As Alan Hutton and Jermaine Jenas arrived from Tottenham on transfer deadline day, Aston Villa fans were forced to confront the new and unsettling economic reality at their club. After years of sustained heavy spending by owner Randy Lerner, in a determined attempt to break through into the top four, costs are now being cut in recognition that a brief window of opportunity has closed and a new hierarchy is asserting itself at the top of the Premier League.
This summer’s appointment of arch pragmatist Alex McLeish as manager signalled an implicit acceptance that Villa’s status has shifted from that of an upwardly mobile club to one that is content to tread water in an environment where ambition comes at an exorbitantly high price.
When Lerner took over from the parsimonious Doug Ellis in the summer of 2006 there was a wave of renewed optimism around an almost constant top flight fixture which had begun to spend more time battling for survival rather than success, posting a lowly 16th place finish in manager David O’Leary’s final season. One of Ellis’ last acts as chairman was to bring in Martin O’Neill, who, as a much in demand managerial talent perennially linked with the England post, was regarded as an astute appointment by the media.
With the influx of Lerner’s millions O’Neill became the flagship figure for this project aimed at the revitalization of one of England’s traditional big clubs. A concerted effort was made to update Villa’s image as an ageing force both on and off the pitch, while paying respect to its proud heritage. Gestures such as the introduction of a new club crest and sponsorship deal with the local Acorns Children’s Hospice showed that change was afoot, while the decision to build a bronze statue of Villa icon and football league founder William McGregor represented a concern for the club’s past.
In the five years since Lerner has sunk more than £200 million of his personal fortune into Villa but is yet see any tangible return on that investment in the form of silverware. Consequently his commitment to such heavy and ultimately fruitless expenditure is on the wane, with expectations under McLeish limited to keeping the club in midtable as its best prospects, those previously central to a push for Europe, are moved on for big sums which Lerner is reluctant to reinvest: Villa currently possessing a patchwork squad capable of reaching these more modest targets.
It seems that after a short spell as an aggressive force in the transfer market Aston Villa are reverting to their prior state, being regarded as a useful stepping stone on the way to bigger things, as evidenced by Gareth Barry and James Milner leaving for Manchester City, and this summer’s sales of Ashley Young to Manchester United and Stewart Downing to Liverpool.
In this context the purchase of Darren Bent in the January transfer window for a club record fee of £18 million should be seen as an emergency measure necessary to protect Lerner’s sizeable investment. As Villa hovered precariously close to the drop zone midway through last season, the club’s American owner was forced to contemplate the unthinkable and Bent was identified as the shortcut to goals that would guarantee survival. However, following this unprecedented show of spending power Villa have bought in just four players in preparation for the forthcoming campaign, with Charles N’Zogbia and Shay Given the other arrivals alongside the aforementioned Tottenham duo. With the team’s main goal creators having left in search of elite European football, which notably eluded them during their Villa careers, the slippery N’Zogbia is tasked with supplying Bent with sufficient ammunition to keep them clear of the bottom half under a notoriously defensive manager. But it is the last day deals for Hutton and Jenas which offer the most damningly accurate appraisal of their diminished status, Villa Park providing a last refuge for the unwanted fringe players from Harry Redknapp’s overstocked squad.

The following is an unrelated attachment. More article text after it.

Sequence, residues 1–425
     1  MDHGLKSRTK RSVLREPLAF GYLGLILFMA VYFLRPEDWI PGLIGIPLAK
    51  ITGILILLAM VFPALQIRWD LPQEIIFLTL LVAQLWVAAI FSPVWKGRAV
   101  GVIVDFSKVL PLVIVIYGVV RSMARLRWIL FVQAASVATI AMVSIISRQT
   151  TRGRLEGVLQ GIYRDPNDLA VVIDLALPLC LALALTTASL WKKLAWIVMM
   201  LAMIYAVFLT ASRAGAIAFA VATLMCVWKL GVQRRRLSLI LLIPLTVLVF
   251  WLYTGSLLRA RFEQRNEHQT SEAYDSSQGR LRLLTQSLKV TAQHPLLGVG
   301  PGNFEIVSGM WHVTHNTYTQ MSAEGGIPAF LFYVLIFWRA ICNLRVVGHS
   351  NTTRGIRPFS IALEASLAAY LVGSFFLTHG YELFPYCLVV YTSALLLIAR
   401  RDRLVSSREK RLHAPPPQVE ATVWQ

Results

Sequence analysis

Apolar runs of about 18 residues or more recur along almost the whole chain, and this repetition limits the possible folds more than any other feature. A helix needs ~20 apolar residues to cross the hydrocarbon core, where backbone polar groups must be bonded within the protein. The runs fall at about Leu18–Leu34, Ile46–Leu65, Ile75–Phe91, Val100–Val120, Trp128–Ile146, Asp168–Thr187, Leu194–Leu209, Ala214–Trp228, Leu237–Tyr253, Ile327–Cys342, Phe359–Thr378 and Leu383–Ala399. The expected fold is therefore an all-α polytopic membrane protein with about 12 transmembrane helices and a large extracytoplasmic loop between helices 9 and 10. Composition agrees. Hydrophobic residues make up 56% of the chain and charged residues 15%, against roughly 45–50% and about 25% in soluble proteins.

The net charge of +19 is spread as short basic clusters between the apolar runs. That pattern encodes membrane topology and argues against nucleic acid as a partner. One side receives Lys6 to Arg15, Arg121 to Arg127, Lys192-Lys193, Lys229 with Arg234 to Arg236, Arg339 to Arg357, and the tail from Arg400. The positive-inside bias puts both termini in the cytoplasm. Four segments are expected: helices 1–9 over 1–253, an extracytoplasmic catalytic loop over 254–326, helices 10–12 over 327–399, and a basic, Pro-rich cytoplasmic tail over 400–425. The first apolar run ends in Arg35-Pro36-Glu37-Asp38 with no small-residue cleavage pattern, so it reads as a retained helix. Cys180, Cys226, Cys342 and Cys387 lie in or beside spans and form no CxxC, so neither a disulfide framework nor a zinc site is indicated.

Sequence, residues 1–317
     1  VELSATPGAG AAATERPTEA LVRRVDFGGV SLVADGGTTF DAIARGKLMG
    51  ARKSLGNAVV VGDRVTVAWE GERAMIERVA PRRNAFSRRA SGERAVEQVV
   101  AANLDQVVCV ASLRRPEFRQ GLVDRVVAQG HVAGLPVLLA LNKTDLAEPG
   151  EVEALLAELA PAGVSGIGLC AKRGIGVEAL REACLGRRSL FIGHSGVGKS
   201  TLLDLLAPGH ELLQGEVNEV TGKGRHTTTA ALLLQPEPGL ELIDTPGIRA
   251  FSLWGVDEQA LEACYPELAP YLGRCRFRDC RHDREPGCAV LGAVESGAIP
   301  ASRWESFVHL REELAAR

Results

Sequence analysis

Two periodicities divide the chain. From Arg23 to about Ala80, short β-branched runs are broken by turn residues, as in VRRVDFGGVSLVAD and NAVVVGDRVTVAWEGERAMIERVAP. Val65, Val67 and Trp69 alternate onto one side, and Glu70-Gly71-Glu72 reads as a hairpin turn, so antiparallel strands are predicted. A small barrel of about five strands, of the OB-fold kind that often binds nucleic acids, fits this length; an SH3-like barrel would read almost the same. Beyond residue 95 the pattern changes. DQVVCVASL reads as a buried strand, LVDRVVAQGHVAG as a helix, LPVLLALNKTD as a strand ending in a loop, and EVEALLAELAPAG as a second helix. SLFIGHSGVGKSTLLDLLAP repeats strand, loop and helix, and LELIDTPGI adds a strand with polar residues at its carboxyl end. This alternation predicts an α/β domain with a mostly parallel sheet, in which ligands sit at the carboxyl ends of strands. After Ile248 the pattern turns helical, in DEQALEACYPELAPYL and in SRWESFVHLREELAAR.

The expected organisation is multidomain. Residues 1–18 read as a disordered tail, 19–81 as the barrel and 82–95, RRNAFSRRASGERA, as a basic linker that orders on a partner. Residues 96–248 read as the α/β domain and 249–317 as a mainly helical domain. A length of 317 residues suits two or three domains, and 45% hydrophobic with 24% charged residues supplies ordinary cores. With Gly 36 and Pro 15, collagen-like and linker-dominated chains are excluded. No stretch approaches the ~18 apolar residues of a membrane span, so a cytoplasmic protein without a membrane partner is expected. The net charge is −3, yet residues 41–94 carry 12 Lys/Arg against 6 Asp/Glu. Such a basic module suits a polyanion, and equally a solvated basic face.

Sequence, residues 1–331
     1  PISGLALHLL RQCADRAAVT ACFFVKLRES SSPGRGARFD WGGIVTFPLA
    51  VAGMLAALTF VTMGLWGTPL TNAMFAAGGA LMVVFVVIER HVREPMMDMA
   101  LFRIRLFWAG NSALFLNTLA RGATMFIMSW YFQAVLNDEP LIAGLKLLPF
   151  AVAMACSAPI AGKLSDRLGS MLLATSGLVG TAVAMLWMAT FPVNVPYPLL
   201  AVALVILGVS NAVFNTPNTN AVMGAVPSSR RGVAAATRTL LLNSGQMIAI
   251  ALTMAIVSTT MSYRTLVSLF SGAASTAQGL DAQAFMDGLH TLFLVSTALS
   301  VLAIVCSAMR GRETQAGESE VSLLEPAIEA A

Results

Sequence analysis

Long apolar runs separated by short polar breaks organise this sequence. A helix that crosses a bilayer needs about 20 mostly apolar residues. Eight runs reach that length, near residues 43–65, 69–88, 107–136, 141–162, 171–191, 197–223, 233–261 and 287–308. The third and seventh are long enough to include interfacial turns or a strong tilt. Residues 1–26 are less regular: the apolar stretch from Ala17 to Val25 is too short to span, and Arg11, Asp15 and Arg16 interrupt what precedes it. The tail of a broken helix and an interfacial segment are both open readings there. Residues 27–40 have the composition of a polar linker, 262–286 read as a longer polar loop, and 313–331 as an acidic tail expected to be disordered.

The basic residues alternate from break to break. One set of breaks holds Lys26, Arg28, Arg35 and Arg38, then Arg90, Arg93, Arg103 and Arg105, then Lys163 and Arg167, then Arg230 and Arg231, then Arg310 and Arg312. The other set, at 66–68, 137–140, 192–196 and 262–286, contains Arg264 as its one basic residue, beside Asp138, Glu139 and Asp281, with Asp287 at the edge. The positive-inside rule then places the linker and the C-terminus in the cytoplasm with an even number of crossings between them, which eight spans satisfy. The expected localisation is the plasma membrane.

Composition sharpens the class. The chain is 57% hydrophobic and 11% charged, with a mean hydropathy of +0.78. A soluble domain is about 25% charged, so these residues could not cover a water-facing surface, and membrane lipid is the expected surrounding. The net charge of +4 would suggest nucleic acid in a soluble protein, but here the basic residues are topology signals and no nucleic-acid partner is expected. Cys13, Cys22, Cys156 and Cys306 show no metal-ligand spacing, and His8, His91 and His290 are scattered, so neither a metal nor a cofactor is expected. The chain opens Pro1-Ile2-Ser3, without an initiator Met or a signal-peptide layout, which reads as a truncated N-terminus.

So what exactly has Lerner got to show for his substantial investment, spread across five years in English football? The answer is not very much. O’Neill led the team to a League Cup final, ending in a 2-1 defeat to Man United, and three successive 6th place finishes, guaranteeing consistent appearances in European competition (albeit of a second tier nature), but if anything the gap between Aston Villa and the Champions League places is even greater than when he arrived. An unfortunate truism of modern football, especially in the Premier League, is that money talks and Villa’s spending has been dramatically eclipsed with the arrival of even more outlandishly wealthy owners. For a couple of seasons Villa, along with Everton, were seen as the biggest threat to the security of the established big four yet by the start of the current season this seems like a peculiarly quaint notion. Everton now operate under much tighter financial parameters than even Aston Villa, while Manchester City’s incredible splurge, fuelled by Arabian petrodollars, makes a mockery of their rivals’ infinitely more limited means.